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moving. The beauteous Villaria *, who only was formed for his paramour, became the object of his affection. His first speech to her was as follows:
MADAM, It is not only that nature has made us two the most accomplished of each sex, and pointed to us to obey her dictates in becoming one; but that there is also an ambition in following the mighty persons you have favoured. Where kings and heroes, as great as Alexander, or such as could personate Alexander, have bowed, permit your general to lay his laurels. According to Milton;
The Fair with conscious majesty approv'd
His pleased reason.Fortune having now supplied Orlando with necessaries for his high taste of gallantry and pleasure, his equipage and economy had something in them more sumptuous and gallant than could be received in our degenerate age; therefore his figure, though highly graceful, appeared so exotic, that it assembled all the Britons under the age of sixteen, who saw his grandeur, to follow his chariot with shouts and acclamations; which he regarded with the contempt which great minds affect in the midst of applauses. I reinember, I had the honour to see him one day stop, and call the youths about him, to whom he spake as follows:
“Good bastards-Go to school, and do not lose your time in following my wheels: I am loth to hurt you, because I know not but you are all my own offspring: hark ye, you sirrah with the white hair,
* Barbara, daughter and heiress to William Villiers lord viscount Grandison of the kingdom of Ireland.
I am sure you are mine: there is half a crown. Tell your mother, this, with the half crown I gave her when I got you, comes to five shillings. Thou has cost me all that, and yet thou art good for nothing. Why, you young dogs, did you never see a man before?' • Never such a one as you, noble general,' replied a truant from Westminster. • Sirrah, I believe thee; there is a crown for thee. Drive on, coachman.'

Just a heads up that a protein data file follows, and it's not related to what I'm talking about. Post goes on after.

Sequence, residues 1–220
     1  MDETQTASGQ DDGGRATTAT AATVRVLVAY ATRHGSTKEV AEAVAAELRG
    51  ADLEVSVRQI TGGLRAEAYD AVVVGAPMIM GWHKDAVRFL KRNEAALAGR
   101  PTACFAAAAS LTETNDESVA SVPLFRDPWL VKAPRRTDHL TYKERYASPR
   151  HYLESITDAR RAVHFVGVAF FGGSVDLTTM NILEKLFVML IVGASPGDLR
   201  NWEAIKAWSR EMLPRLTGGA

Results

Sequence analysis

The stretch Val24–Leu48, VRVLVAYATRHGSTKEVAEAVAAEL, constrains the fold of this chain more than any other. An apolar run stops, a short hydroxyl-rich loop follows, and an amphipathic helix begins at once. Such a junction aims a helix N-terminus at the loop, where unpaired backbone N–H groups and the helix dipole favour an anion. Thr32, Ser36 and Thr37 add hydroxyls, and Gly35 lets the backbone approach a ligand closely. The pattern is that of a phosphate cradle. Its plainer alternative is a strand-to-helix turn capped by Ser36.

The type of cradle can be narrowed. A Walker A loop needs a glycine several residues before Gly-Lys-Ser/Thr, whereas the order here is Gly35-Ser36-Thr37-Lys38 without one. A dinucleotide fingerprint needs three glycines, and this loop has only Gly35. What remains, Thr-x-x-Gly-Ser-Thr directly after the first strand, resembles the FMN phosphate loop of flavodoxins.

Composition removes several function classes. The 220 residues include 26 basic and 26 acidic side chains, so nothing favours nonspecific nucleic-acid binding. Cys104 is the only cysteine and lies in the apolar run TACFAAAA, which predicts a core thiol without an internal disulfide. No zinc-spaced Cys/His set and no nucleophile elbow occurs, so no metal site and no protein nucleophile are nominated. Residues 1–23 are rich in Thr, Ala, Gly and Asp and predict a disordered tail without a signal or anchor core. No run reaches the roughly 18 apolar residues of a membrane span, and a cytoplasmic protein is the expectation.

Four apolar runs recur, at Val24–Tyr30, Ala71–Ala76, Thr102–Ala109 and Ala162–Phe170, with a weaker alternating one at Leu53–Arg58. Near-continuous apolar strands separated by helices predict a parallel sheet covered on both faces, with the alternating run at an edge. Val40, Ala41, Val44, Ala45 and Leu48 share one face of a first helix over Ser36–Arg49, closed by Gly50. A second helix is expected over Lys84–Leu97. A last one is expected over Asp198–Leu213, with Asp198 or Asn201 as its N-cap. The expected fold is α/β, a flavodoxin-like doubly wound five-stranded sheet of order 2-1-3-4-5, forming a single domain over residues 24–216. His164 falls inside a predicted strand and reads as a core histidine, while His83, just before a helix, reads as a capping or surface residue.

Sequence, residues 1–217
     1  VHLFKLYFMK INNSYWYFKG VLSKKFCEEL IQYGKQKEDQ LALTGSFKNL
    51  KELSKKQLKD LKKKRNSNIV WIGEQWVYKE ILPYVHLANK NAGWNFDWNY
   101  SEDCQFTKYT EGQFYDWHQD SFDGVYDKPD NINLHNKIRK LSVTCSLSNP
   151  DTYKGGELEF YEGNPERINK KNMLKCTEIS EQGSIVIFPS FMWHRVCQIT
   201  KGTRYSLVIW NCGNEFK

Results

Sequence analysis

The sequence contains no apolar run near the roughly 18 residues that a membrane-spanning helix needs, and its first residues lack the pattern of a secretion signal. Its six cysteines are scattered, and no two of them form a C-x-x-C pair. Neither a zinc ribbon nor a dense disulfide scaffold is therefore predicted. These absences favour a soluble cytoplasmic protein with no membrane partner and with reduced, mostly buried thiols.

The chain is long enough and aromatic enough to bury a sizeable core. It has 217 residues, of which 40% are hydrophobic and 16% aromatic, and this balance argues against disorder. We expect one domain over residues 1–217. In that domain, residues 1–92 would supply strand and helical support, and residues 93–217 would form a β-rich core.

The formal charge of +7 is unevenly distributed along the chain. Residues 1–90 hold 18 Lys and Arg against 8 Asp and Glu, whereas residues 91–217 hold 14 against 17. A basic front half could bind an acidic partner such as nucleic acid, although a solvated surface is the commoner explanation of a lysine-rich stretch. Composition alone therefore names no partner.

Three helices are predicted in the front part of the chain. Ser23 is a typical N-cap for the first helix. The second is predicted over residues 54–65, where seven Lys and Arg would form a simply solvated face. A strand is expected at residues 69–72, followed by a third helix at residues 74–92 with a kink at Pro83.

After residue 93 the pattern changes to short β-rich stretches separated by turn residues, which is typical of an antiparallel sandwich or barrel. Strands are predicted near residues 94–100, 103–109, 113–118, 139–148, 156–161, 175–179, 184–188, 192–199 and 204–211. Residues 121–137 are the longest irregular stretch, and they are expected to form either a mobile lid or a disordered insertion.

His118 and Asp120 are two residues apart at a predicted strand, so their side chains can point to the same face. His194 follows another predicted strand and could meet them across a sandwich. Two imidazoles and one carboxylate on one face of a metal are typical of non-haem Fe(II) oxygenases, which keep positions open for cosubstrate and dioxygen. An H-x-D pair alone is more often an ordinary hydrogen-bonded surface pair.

This vehicle, though sacred to love, was not adorned with doves; such an hieroglyphic denoted too languishing a passion. Orlando therefore gave the eagle, as being of a constitution which inclined him rather to seize his prey with talons, than pine for it with murmurs.
From my own Apartment, August 2. I have received the following letter from Mr. Powel of Bath, who, I think, runs from the point between us; which I leave the whole world to judge.
- To Isaac BICKERSTAFF, Esquire. Sir,
Bath, July 28. • Having a great deal of more advantageous business at present on my hands, I thought to have deferred answering your Tatler of the twenty-first instant until the company was gone, and season over ; but having resolved not to regard any impertinencies of your paper, except what relate particularly to me, I am the more easily induced to answer you, as I shall find time to do it. First, partly lest you should think yourself neglected, which I have reason to believe you would take heinously ill. Secondly, partly because it will increase my fame, and consequently my audience, when all the quality shall see with how much wit and raillery I show you—I do not care a farthing for you. Thirdly, partly because being without books, if I do not show much learning, it will not be imputed to my having none.